A progressive group plans to run ads during Rush Limbaugh’s radio show in 14 states, aiming to counter the popular ultra-conservative talk-show host’s misinformation about the severity of the coronavirus and his criticisms of government scientists.
“Fox News and their friends ― and I mean that broadly, not in reference to the program ― has turned a global pandemic into a litmus test about loyalty to Donald Trump,” said Shaughnessy Naughton, a chemist and former Democratic congressional candidate who leads the group 314 Action, which is focused on backing candidates with a background in science. Limbaugh, she said, is “endangering the lives of his own listeners.”
Limbaugh, along with other Trump-aligned conservative media figures, has repeatedly aired skepticism of the deadliness and seriousness of the coronavirus pandemic, which has now claimed nearly 11,000 American lives and has sent the country into an all-but-certain recession as millions of Americans stay home in an effort to limit the strain on the country’s health care system.
Limbaugh has said on his show that “this virus is the common cold” and claimed that “all of this panic is just not warranted.” He’s also suggested the number of deaths due to coronavirus is exaggerated and implied that government health experts at the U.S. Centers for Disease Control and Prevention and the National Institutes of Health are part of the “deep state,” acting to undermine the Trump administration.
“The American people did not elect a bunch of health experts that we don’t know,” Limbaugh said in late March. “We didn’t elect a president to defer to a bunch of health experts that we don’t know.”
In the minute-long radio ad, which is set to air in 14 states and Washington, D.C., starting on Tuesday, a narrator calls Limbaugh a “national disgrace” for attacking “Dr. Fauci and the other doctors and scientists who are trying to help save lives and stop the spread of the coronavirus,” referring to Dr. Anthony Fauci, the head of the National Institute of Allergy and Infectious Diseases.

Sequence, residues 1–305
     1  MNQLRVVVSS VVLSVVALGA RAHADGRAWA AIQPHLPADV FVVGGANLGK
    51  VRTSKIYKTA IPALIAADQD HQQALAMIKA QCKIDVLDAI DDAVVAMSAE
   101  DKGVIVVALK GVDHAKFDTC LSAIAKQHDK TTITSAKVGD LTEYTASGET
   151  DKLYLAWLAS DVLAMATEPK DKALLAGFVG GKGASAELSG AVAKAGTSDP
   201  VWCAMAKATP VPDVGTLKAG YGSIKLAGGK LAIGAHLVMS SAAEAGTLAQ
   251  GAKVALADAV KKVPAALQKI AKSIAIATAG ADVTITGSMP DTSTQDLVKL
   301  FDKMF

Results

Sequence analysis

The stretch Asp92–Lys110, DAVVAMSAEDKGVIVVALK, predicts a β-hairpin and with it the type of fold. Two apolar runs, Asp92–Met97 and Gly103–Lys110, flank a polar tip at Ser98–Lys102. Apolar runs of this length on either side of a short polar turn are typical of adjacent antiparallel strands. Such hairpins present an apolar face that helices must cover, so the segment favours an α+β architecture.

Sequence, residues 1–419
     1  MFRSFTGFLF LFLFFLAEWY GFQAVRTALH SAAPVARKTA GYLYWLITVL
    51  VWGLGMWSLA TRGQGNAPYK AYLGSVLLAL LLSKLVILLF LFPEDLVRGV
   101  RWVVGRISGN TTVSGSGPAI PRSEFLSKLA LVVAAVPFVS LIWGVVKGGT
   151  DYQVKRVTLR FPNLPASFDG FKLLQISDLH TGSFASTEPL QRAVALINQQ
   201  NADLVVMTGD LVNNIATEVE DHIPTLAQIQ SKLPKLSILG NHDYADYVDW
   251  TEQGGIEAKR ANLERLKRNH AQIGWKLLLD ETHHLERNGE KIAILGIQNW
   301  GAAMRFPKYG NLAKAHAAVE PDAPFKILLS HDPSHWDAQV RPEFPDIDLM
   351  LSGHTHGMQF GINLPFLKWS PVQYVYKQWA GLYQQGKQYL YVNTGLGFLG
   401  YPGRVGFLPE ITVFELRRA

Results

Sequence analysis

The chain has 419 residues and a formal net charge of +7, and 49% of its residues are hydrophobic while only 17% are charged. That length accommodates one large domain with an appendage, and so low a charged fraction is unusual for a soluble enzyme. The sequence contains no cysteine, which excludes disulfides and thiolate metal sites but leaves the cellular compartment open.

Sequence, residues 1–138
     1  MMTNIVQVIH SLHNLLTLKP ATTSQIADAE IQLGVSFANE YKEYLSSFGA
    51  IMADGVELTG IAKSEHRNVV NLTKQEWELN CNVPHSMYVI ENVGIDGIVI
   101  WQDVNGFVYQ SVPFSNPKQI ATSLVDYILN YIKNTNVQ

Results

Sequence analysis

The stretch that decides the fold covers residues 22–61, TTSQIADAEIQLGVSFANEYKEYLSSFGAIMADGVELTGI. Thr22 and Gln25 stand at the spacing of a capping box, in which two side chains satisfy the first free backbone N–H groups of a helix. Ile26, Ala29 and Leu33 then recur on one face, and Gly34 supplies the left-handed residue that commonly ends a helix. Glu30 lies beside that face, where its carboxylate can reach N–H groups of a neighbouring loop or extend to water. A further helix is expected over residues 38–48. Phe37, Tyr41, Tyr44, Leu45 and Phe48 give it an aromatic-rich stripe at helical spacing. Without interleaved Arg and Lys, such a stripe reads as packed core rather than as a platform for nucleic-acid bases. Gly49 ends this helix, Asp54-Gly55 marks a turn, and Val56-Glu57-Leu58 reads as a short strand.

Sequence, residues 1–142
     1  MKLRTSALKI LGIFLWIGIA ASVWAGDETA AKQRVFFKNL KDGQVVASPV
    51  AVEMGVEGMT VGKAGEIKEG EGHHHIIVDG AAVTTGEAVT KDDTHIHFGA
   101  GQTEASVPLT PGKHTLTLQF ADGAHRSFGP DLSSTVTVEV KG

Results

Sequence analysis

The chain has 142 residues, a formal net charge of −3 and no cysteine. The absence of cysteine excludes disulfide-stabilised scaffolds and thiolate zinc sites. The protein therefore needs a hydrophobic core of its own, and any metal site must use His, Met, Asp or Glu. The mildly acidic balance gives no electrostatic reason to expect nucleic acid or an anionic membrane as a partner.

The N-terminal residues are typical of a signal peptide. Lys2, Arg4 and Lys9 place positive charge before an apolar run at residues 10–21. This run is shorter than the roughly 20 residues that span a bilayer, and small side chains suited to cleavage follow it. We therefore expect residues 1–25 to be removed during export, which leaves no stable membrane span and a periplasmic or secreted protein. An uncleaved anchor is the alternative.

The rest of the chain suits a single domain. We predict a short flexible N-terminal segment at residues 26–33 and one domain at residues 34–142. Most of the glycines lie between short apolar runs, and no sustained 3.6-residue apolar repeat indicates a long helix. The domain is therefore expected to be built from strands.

Some Trump allies have criticized Fauci, a frequent presence at Trump’s daily White House press briefings on COVID-19, for occasionally contradicting the president. Both the doctor and the president have downplayed the disagreements.
“The fact that these apologists for Donald Trump have deceived the American people is more than irresponsible – it’s evil,” the narrator says in the ad. “Donald Trump and his allies have failed us. And too many people are dying. It’s time to listen to the facts ― to listen to science ― and stop lying to the American people.”
Trump awarded Limbaugh, who has a long history of controversial and offensive remarks, with the Presidential Medal of Freedom at his State of the Union address in February. The award came just a few days after the 69-year-old Limbaugh announced a lung cancer diagnosis. Limbaugh is thought to be America’s most popular radio talk-show host, and Talkers Magazine, which covers the talk show industry, estimates 15.5 million people listen to Limbaugh each week.
The ads will air during Limbaugh’s show in Arizona, Georgia, Iowa, Kansas, Michigan, Missouri, New Hampshire, North Carolina, Ohio, Oklahoma, Pennsylvania, South Carolina, Texas, Wisconsin and D.C.
314 Action’s primary aim is to increase the number of scientists, engineers and doctors in Congress, and it has endorsed a host of Democrats in Senate and House races this cycle, including former astronaut Mark Kelly in Arizona’s Senate race; former Colorado Gov. John Hickenlooper, a geologist, for his state’s Senate contest; and Illinois Rep. Lauren Underwood, a nurse, for reelection. (It’s supporting one independent: Dr. Al Gross, a physician who is running for Senate in Alaska with the backing of the state Democratic Party.)
The group is also running digital ads in eight states where governors have yet to issue shelter-in-place orders: Arkansas, Iowa, Nebraska, North Dakota, Oklahoma, South Dakota, Utah and Wyoming, all of which have Republican governors. The ads feature an image of Fauci and note he voiced support for a national stay-at-home order.
“I don’t know what these governors are thinking,” Naughton said. “The only way this works is if we all stay home.”
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